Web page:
Wednesday, June 1, 2011

On Thugs and Panic and Thankfulness

I had a bit of a panic today. 

Maybe it was spurred by the dream I had last night, in which a tornado, played by a 500-foot tall giant thug, stomped its way around my town.  As he crushed and laughed, a few more thug-giants joined him, until there was nowhere left to hide.  Their flattening feet kicked and smashed everything in their paths, and they were happy about it.  After interminable minutes, they headed east and south away from us -- with grim smiles on their ugly faces -- leaving us alone, but with nothing. 

I woke up sweating but calm: they were gone.  It was over.

But the thing is, it's not.  Enter: my panic. 

We needed groceries.  And, determined to structure our days as normally as possible, I loaded the girls into our vehicle, and headed to town.  By now, they've been across the damaged swath, but we try not to linger. When confronted with the worst of the devastation, Mia's voice becomes babyish.  She speaks in cutesy tones and cuddly words; she reverts into a place of absolute protection.  She doesn't seem harmed, emotionally, but those baby-voiced sentences...they tell me that she's hiding herself from the fear.  But still, we have to get groceries, and the only way to it, is through it. 

With all of my concern focused on their little faces in the rearview mirror, I guess I forgot to prepare myself.  See, it's become a habit of mine to breathe deeply and only glance at what's directly in front of or beside me.  To see all of the devastation is too overwhelming.  But I forgot.  I was only going on an errand, only a quick drive into town...I forgot to get ready.

It hit me all at once, as I scanned the now-cleared horizon.  Miles and miles of wreckage.  Unfathomable, disgusting destruction.  Not having my deep breaths in store, I couldn't breathe.  It was too much.  It is too much.  I whispered words of horror and disbelief, while tears stung my eyes.

One of the truly fearsome parts about this huge tornado is that there was no hiding from it.  People have wondered why there was such a high death toll -- did we not go to our safe-places? -- even with advanced warning.  And I can't speak for the entire city, but I'm betting that most of us did.  Only, no place was truly safe within the tornado's reach.  You can hide in a closet or bathtub or crawlspace or even a basement, but what if your entire home is blown away -- closet and bathtub included -- or the forces of incredible wind and pressure crumbles your home on top of you in that crawlspace or basement?  There's no amount of planning or preparation to make you completely safe in an F5 tornado.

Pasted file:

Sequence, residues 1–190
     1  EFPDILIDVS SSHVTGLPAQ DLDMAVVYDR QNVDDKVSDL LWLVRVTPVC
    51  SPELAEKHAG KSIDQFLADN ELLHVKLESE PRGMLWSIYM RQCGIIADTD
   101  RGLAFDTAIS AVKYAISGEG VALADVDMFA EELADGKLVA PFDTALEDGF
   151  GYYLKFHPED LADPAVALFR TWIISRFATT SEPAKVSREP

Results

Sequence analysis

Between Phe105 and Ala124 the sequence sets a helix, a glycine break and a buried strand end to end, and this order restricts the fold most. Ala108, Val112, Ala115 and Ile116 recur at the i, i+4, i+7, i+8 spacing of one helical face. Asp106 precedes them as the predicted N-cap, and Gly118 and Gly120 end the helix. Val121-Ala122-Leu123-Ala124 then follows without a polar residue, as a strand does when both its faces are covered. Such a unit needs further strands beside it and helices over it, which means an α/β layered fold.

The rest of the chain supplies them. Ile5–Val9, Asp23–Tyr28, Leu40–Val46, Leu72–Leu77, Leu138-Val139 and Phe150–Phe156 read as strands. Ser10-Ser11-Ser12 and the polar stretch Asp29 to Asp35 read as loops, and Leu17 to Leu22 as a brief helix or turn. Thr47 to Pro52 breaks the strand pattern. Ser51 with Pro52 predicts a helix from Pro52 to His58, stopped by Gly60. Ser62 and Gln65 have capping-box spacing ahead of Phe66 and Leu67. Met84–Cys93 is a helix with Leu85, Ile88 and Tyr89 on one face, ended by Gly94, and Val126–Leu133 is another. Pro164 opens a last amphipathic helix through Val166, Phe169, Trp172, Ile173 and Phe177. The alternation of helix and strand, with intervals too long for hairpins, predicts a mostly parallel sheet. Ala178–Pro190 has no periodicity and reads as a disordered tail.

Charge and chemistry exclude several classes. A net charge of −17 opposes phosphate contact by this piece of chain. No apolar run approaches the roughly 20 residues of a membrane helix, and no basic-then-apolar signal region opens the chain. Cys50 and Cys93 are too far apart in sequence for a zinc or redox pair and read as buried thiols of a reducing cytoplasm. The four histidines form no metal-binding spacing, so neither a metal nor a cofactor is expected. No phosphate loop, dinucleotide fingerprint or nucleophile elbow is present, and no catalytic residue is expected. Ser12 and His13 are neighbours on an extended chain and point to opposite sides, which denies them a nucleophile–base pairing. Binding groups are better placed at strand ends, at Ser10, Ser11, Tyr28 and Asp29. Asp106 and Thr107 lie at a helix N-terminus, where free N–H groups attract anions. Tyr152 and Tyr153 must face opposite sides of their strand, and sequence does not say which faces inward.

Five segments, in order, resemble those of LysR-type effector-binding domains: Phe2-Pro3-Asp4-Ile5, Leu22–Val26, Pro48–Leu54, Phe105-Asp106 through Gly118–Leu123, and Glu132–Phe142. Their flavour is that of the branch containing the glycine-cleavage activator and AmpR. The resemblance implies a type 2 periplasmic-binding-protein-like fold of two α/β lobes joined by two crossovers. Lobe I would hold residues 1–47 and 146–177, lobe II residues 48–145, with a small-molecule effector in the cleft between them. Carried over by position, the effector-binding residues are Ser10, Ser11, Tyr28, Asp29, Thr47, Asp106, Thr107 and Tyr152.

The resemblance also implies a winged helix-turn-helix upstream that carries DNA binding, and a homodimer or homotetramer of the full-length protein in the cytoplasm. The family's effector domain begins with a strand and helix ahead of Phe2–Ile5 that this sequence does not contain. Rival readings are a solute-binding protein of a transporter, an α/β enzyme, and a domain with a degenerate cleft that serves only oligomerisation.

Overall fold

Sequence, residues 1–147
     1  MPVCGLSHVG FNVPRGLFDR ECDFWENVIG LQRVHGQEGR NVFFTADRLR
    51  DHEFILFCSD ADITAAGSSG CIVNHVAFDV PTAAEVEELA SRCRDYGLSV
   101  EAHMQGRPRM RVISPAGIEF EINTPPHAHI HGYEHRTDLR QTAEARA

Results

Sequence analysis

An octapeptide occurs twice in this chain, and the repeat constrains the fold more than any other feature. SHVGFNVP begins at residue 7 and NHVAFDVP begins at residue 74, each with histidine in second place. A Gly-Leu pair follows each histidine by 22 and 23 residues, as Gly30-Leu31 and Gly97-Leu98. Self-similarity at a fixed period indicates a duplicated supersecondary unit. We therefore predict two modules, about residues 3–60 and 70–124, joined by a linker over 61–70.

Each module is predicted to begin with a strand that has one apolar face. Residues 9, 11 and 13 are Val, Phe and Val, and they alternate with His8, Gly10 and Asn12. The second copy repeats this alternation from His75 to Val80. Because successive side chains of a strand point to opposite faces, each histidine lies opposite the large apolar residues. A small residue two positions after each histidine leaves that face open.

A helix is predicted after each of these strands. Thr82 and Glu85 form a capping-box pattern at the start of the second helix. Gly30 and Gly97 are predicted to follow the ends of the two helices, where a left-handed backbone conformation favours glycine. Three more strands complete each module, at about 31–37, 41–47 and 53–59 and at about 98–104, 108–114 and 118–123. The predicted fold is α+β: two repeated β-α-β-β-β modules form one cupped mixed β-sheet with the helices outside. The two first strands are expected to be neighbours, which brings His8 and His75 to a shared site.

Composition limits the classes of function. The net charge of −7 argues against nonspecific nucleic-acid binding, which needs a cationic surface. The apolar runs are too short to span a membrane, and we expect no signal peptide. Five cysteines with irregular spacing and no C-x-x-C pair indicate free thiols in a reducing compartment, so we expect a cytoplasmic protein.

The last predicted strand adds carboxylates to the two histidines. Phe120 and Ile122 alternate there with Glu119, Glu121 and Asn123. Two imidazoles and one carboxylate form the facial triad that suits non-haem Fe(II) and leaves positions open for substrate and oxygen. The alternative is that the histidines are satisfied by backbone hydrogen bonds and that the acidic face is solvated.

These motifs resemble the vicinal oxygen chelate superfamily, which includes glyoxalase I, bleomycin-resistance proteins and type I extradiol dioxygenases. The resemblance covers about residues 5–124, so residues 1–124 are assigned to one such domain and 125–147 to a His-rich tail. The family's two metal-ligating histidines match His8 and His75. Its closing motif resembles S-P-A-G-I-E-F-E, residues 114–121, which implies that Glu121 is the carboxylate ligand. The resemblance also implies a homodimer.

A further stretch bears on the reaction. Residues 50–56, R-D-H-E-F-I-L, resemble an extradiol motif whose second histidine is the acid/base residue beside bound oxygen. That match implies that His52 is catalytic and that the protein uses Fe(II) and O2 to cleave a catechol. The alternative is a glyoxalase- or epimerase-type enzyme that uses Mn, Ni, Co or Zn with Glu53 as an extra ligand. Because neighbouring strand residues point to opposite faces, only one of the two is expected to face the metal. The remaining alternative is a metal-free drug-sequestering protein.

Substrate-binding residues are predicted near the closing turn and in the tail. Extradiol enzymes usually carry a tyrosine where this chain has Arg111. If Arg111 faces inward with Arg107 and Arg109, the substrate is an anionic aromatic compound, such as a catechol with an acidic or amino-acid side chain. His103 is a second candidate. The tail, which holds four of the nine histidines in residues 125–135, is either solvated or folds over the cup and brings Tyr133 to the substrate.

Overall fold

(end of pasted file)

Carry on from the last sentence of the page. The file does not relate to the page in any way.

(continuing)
Only distance can do that.  We were approximately 3/4 of a mile from the tornado.  Sheltered by distance.

Then, the greedy thankfulness sweeps in and ruins me with guilt.  I'm so happy that we weren't in the tornado's reach.  We are so lucky that our closet remains surrounded by a roof and walls.  What terror must these people have experienced -- but not us...not us...

And no matter how many breaths I steel myself with, I can't escape that thankfulness.  I don't even really want to, because it isn't bad -- it's natural.  Still, the guilt pinches and pokes as I watch my girls play happily in the backyard.  They snuggle with their beloved blankies in safe beds at night.  All they know are sounds of comfort, not the roar of ripping winds.  Next time a storm comes through, they won't soil their pants or empty their stomachs in fear. 

They are still innocent, despite seeing the great, nasty stretches of ravaged land. 

I don't know where I'm going with this. 

I panicked; my daughters are still innocent; thankfulness is natural; the destruction is horrific.

And I forgot to get milk, so we have to go back across town later.

But at least we are all alive and housed and spoiled enough to think that an inconsequential gallon of milk is something to be needed.


  1. Haunting and sad and a new normal for too many people. Prayers for all.

  2. I think where you're going is toward healing ... that's why we write sometimes, right? Why we pour words that have been stomping around on brains onto computer screens -- to heal. I don't know this kind of devastation, but I know grief. And I know that when these things comes to mind, I need to write them out. No matter if there's a neat post to show for it all tied up and packaged or not. {Which yours is, but I just wanted to encourage you to keep writing it all out.} Love you, Sarah. Praying, praying, too.

  3. 3/4 of a mile. That's such a long distance and such a breathtakingly short one all at the same time. Hug those babies tight, including that one inside. Panic when you need to and know that we're here.

  4. Seems so surreal and real at the same time! Counting your blessings with you and praying for healing in your community!

  5. This really is an amazing post, noone really talks about this part of it. I am glad you did.

  6. I've been reading all your posts about the tornadoes. I didn't know you lived in Joplin. So heartbreaking. Praying for everyone there.


Hmm...And how did that make you FEEL?